hominin

noun
hom·​i·​nin | \ ˈhä-mə-nən, -ˌnin\

Definition of hominin

: any of a taxonomic tribe (Hominini) of hominids that includes recent humans together with extinct ancestral and related forms

Examples of hominin in a Sentence

Recent Examples on the Web

Before Rising Star, however, no fossil hominin excavation had been so instantly shared across the world. Lydia Pyne, Ars Technica, "Rising Star found a new species—now it wants to find a new way for paleoanthropology," 20 Dec. 2018 Many of the bones seem to bear the marks of butchering by tool-wielding hominins. Kiona N. Smith, Ars Technica, "Archaeologists find 300,000-year-old stone tools in Saudi Arabia," 29 Oct. 2018 The girl reportedly had a Denisovan father and Neanderthal mother, two species of hominins (a classification group that evolved into modern humans). Prince Shakur, Teen Vogue, "Scientists Discover Remains of an Ancient Human Hybrid," 25 Aug. 2018 The study helps settle a long-standing debate about how quickly our ancestors developed a humanlike gait, and shows that ancient hominins didn’t have to sacrifice climbing agility to walk upright efficiently. Ann Gibbons, Science | AAAS, "Our tree-climbing human ancestors could walk upright like us, study of chimps and other primates shows," 2 Apr. 2018 There were likely many species or populations of hominins that left Africa, only to die out somewhere in their journey across the globe. Jason Daley, Smithsonian, "Oldest Stone Tools Outside Africa Unearthed in China," 12 July 2018 Thanks to greater capacity for language, this may be a common trait shared by hominins but probably not our last common ancestor with the other great apes. Kiona N. Smith, Ars Technica, "Homo naledi’s brain: Like ours, but smaller," 14 May 2018 Old World monkeys, apes and hominins — the branch of the ape family tree that includes humans — inherited that ancestor’s ability to see red, particularly against a green background. Gemma Tarlach, Discover Magazine, "Pigment of Our Imagination," 23 Mar. 2018 Before the Middle Paleolithic, hominins created biface tools, or simple, heavy hand axes shaped like teardrops. Annalee Newitz, Ars Technica, "Ancient tools found in India undermine the “out of Africa” hypothesis," 31 Jan. 2018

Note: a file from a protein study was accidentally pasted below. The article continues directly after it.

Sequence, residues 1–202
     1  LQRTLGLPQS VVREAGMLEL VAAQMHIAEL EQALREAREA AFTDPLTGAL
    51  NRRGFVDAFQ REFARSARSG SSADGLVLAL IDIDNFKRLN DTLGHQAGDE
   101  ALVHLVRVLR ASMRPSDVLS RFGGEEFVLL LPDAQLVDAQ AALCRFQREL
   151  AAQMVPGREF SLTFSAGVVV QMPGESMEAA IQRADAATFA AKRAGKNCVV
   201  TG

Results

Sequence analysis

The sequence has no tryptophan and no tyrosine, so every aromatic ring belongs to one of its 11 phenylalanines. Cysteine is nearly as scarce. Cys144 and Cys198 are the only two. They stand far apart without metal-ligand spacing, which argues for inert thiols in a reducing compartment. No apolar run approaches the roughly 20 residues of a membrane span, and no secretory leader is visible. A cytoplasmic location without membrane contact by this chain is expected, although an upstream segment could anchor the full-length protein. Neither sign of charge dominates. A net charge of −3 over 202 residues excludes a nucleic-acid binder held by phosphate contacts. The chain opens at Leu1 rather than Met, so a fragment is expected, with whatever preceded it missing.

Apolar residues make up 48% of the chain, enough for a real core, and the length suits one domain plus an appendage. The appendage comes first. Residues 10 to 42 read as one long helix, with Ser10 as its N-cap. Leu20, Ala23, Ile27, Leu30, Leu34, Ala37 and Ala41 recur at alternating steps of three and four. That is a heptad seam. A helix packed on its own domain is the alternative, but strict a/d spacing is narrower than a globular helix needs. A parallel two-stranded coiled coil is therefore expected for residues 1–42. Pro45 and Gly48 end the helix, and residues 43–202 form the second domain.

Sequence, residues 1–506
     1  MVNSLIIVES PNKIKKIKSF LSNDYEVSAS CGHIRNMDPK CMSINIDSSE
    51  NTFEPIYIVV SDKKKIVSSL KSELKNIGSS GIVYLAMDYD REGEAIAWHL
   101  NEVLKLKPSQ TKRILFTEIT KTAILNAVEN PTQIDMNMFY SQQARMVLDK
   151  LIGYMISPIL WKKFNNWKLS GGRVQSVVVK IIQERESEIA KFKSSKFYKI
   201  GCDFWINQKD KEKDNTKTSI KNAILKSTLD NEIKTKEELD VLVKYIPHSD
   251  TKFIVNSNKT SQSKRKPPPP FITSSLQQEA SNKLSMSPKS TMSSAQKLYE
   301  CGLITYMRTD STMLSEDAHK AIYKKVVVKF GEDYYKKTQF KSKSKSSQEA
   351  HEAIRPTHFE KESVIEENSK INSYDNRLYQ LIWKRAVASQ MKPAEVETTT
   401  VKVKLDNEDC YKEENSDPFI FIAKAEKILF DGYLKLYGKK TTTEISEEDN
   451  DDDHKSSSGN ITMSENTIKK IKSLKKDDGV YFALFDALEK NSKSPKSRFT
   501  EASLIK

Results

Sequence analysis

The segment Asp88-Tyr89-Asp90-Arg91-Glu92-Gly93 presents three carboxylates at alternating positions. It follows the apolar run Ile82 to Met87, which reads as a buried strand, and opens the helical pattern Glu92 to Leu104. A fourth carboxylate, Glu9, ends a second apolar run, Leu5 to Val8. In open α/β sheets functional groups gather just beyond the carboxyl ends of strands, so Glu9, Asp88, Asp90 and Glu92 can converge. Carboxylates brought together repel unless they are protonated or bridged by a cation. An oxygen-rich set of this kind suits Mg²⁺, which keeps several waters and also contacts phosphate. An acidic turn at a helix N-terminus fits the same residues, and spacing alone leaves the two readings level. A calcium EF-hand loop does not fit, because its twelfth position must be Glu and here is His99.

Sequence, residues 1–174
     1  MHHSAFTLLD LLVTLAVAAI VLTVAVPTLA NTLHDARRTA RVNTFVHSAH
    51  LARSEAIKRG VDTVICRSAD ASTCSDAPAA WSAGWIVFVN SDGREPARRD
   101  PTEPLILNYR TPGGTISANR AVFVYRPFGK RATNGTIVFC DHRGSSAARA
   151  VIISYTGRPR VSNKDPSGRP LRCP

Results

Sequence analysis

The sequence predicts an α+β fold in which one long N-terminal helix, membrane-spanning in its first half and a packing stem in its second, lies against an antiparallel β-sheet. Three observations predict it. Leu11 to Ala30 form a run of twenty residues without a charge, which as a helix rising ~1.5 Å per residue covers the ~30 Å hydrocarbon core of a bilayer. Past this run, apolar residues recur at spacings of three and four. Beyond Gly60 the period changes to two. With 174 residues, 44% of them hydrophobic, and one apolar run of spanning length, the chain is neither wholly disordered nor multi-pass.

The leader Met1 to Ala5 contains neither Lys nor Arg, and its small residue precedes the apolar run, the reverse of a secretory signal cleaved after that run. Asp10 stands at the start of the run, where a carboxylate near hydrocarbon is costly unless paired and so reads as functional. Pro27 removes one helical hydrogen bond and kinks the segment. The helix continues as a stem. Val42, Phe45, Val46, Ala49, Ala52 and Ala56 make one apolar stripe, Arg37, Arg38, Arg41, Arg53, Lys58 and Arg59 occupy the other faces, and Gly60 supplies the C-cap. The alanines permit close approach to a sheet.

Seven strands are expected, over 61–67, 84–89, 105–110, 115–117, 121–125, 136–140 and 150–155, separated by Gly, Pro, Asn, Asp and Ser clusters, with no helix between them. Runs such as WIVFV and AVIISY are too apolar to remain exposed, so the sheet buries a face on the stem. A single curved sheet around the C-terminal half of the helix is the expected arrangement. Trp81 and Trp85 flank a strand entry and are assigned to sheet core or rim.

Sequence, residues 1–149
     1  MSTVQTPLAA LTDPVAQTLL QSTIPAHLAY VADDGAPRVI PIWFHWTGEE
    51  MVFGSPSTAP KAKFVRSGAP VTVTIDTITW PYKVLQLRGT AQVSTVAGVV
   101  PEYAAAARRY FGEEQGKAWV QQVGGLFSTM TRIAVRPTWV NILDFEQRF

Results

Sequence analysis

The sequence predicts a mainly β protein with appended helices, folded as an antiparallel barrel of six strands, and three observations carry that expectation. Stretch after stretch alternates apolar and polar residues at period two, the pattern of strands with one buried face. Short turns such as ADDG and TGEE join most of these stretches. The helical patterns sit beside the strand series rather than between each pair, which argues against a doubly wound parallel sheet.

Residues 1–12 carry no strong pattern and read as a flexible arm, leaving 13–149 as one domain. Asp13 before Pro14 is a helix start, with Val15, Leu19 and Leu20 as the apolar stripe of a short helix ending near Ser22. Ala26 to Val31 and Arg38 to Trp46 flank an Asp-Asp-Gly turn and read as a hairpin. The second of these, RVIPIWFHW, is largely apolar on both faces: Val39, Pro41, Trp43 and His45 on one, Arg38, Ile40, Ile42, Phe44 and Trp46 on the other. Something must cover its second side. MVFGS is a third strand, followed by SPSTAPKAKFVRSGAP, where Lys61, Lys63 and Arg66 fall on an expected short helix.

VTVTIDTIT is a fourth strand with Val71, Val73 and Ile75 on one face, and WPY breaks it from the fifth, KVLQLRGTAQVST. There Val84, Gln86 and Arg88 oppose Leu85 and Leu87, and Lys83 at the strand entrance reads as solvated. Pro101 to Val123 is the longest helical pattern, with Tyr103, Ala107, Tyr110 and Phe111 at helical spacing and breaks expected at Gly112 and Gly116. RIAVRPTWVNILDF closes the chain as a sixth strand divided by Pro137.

These example sentences are selected automatically from various online news sources to reflect current usage of the word 'hominin.' Views expressed in the examples do not represent the opinion of Merriam-Webster or its editors. Send us feedback.

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First Known Use of hominin

1989, in the meaning defined above

History and Etymology for hominin

New Latin Hominini, from Homin-, Homo + -ini, tribe suffix, from Latin -inus -ine entry 1

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Last Updated

12 Jan 2019

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The first known use of hominin was in 1989

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